Election campaign wraps up with final all candidates meetings

Agricultural, and ag-related issues dominated the all candidates evening that took place at Matilda Hall October 14, and it was questions about the proposed grain terminal along Lakeshore Drive that dominated questioning at the Iroquois meeting, October 20.

About 200 people attended each of the meetings, where for the second and third times they were able to pose questions to the nine councillor candidates, three deputy mayor candidates and two mayoral candidates seeking election to South Dundas council.

The three all candidates meetings were organized and hosted by the South Dundas Chamber of Commerce.

The first took place in Morrisburg, where seniors issues and municipal spending dominated discussions.

The nine councillor candidates vying for the three available councillor seats at the South Dundas table were first to face questions from the audience at both meetings. Those candidates include Phillip Blancher, Bill Ewing, Bert Geertsma, Robert Gillard, Jim Graham, Mahlon Locke, Archie Mellan, Jim Mills and Marc St. Pierre.

At Matilda, the bulk of discussion with the councillor candidates concerned wind projects and development issues, while the mayor candidates, Steven Byvelds and Evonne Delegarde, and deputy mayor candidates Del Jones, Jim Locke and Carl McIntyre were more focused on the grain terminal proposal.

In response to the various questions posed by the audience regarding overall agriculture and its inclusion in South Dundas economic development planning, incumbent councillor Archie Mellan stated that the municipality’s most important role for that sector is to ensure that key infrastructure (roads), drainage and fire/emergency services that farmers may need are in place and that enterprises important to the  agriculture industry be accommodated. “We need to make sure we support agriculture to the best of our ability,” said Mellan.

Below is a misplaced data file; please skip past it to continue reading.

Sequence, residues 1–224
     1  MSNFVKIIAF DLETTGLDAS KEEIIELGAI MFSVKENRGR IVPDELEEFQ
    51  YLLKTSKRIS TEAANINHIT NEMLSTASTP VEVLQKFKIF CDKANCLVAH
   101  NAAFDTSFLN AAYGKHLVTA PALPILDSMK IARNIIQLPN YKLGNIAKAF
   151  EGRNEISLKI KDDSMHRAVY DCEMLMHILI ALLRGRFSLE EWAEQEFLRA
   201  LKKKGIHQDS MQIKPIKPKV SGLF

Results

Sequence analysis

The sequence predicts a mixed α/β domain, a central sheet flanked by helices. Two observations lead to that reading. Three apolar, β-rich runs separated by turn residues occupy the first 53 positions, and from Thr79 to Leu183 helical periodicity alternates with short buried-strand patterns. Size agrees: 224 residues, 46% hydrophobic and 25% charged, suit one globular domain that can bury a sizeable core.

“The best thing to do is to stay out of the way and let them run their businesses as they see fit,” said Phillip Blancher. “Keep regulation to a minimum.”

“If agriculture has issues, bring them to council and we will work with you,” said Mahlon Locke.

A few questions were asked regarding wind projects. 

“This municipality needs to have a voice, whether it is listened to or not,” said Marc St. Pierre. “We need to have the best interest of our taxpayers in mind, and if they want to fight something, we need to be at the forefront.”

“I agree with Marc,” said Jim Mills. Regarding Green Energy, he added that one municipality can’t fight it on their own, but the municipalities in Ontario need to join together to make changes. “Someone has to start it, let that be South Dundas.”

“We need to listen to the wishes of the residents effected,” added Blancher. “You protest, you argue until you’re blue in the face to fight for what the people want or don’t want.”

“You have to fight the government, even though it’s hard to fight them, when you later have to beg money from them,” said Robert Gillard.

“We need to speak out, if that’s what people want,” said Bill Ewing. 

“You have to take a stand and raise a lot of commotion to stop it,” said Bert Geertsma.

Asked directly if elected, if they would support the implementation of a noise bylaw for the noise from the wind turbines, Blancher said yes. He also added that he would support a bylaw for the  nuisance of glare coming from solar projects.

“We need bylaws that are more stringent on developers, to ensure that people are protected,” said St. Pierre. 


 “I have no problem passing a bylaw, but there’s no point, if we can’t enforce it,” said Jim Graham. “If it’s something we can enforce, then by all means.”

“I agree said Bill Ewing. “I would look at it, if it’s feasible.” 

Another topic raised with the councillor candidates was the waterfront plan for Morrisburg.

Blancher, who is a member of the Morrisburg Waterfront Committee, explained that the plan was designed such that small projects can be done bit by bit. “If the opportunity for funding comes along, we have to have a plan if we want to get that money.”

“Scrap the waterfront plan,” said Mills. “We have a beautiful waterfront.” Mills added that it just needs to be left alone, then all that has to be done is grass cutting.